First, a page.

PARIS (Reuters) – A probe into a series of engine failures on Airbus’s smallest jet, the A220, is studying whether a software change set off unexpected vibrations that damaged fast-moving parts and forced three emergency landings, people familiar with the case said.
The airline Swiss briefly halted its fleet of A220 jets for checks after a third flight in as many months was forced to divert with engine damage on Oct 15. Engine maker Pratt & Whitney has also ordered checks on similar engines worldwide.
Investigators are focusing their attention on recent changes in engine software that may have caused parts that compress air inside the engine to be set in a way that caused mechanical resonance or destructive vibrations, two of the people said.
Neither the aircraft nor the engine have been grounded but pilots have been told to avoid certain combinations of thrust settings and altitude to avoid the risk of a new problem until the root cause of the three Swiss engine failures can be found.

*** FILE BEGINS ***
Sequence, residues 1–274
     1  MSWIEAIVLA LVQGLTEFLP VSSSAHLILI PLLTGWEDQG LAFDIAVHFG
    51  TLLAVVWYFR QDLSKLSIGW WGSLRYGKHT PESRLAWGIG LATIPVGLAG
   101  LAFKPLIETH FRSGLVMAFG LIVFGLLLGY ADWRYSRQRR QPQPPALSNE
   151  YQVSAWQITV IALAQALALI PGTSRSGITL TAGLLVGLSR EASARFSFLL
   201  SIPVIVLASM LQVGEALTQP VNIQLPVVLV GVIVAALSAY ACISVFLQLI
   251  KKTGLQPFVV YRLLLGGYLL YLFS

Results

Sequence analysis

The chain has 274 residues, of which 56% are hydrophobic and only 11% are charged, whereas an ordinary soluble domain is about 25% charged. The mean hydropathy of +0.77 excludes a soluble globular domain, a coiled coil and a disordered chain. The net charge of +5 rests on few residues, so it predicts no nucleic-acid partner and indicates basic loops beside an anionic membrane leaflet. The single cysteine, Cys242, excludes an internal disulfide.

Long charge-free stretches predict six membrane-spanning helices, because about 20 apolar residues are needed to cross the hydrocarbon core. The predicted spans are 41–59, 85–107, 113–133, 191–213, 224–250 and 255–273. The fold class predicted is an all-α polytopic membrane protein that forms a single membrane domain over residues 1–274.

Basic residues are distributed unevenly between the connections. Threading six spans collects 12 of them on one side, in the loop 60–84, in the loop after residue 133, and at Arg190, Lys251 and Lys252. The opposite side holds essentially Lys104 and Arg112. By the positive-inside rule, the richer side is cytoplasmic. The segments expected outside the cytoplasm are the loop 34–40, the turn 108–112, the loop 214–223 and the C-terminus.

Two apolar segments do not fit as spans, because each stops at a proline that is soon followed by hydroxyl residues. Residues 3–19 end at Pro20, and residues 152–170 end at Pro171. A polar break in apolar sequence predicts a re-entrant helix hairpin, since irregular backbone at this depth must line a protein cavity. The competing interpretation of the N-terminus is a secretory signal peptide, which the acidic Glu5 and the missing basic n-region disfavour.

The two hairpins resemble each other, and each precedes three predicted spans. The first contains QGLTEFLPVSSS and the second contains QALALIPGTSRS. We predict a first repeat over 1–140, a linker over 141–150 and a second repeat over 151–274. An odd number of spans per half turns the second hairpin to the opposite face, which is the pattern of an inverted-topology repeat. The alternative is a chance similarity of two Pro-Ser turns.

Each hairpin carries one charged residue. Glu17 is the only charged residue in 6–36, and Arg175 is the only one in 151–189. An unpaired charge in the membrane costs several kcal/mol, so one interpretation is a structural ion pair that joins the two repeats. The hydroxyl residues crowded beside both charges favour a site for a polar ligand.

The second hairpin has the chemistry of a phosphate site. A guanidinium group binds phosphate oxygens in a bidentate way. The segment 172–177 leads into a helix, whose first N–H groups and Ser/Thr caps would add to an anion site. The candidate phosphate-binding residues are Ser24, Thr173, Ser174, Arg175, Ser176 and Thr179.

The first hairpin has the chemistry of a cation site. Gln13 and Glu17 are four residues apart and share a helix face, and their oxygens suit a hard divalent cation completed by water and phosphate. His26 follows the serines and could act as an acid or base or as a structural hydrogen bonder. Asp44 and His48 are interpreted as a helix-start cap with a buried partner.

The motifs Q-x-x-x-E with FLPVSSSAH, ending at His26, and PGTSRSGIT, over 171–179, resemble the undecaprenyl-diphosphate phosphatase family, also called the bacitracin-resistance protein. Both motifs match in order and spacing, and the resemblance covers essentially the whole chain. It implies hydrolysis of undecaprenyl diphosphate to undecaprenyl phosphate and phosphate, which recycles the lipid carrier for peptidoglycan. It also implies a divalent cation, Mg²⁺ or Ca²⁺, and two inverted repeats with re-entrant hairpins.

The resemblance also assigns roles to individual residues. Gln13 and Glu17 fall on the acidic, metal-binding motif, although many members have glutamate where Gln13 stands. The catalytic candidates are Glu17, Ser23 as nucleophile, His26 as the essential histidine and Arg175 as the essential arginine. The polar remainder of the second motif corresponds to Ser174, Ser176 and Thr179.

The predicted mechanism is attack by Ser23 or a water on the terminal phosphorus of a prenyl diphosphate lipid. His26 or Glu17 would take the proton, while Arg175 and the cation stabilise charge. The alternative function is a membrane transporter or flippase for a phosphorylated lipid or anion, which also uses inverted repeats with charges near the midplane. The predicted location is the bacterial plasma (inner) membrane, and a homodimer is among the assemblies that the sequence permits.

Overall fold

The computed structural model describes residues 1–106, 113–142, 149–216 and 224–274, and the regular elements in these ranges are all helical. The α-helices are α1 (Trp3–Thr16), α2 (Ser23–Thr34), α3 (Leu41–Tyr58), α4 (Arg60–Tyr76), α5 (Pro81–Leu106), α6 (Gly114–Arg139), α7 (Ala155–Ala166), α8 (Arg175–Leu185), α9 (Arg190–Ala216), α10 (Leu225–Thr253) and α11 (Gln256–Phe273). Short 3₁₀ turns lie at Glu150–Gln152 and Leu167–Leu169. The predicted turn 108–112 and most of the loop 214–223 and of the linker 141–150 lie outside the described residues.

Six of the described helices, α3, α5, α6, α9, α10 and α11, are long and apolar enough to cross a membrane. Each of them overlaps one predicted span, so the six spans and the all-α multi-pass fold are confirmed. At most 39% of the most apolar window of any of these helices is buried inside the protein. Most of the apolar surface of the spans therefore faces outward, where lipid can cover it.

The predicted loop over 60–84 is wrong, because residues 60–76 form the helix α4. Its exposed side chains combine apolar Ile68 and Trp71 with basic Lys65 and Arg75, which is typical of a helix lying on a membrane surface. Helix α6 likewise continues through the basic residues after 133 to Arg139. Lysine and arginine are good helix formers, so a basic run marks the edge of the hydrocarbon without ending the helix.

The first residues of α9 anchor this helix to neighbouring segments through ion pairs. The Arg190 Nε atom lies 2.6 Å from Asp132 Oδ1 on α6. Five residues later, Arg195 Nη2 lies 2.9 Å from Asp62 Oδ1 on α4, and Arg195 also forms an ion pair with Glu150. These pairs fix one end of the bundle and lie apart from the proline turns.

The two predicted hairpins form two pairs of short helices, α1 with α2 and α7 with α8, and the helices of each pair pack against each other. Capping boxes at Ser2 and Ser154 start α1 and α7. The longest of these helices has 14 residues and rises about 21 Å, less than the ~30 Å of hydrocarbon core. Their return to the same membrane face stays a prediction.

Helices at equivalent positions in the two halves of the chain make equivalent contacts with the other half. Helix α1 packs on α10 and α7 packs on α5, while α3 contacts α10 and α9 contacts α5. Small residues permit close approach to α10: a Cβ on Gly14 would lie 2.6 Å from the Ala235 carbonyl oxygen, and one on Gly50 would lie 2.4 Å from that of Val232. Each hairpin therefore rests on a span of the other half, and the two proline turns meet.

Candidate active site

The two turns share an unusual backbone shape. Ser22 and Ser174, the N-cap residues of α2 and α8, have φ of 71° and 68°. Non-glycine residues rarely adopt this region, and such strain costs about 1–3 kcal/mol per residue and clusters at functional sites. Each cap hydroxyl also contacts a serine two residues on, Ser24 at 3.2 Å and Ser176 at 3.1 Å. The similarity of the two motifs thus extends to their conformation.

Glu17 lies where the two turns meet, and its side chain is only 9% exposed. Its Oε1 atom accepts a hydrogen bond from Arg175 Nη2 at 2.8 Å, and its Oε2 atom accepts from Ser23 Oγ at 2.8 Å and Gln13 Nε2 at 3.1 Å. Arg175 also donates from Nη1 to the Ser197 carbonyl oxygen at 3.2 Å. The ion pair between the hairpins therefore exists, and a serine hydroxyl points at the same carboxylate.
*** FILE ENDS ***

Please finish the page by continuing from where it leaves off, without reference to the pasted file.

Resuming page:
A third source said it may take until December to confirm the cause, while other scenarios have also not been ruled out.
Airbus (PA:) had no immediate comment.
Officials at the U.S. National Transportation Safety Board (NTSB), which is leading an investigation into the recent failures involving the U.S.-built engine, declined comment.
The European Union Aviation Safety Agency (EASA) said it was monitoring the situation closely and coordinating with the U.S. Federal Aviation Administration.
The head of Pratt & Whitney parent United Technologies (N:) said earlier this week it was working on finding the cause and remained confident in the new fuel-saving engine.
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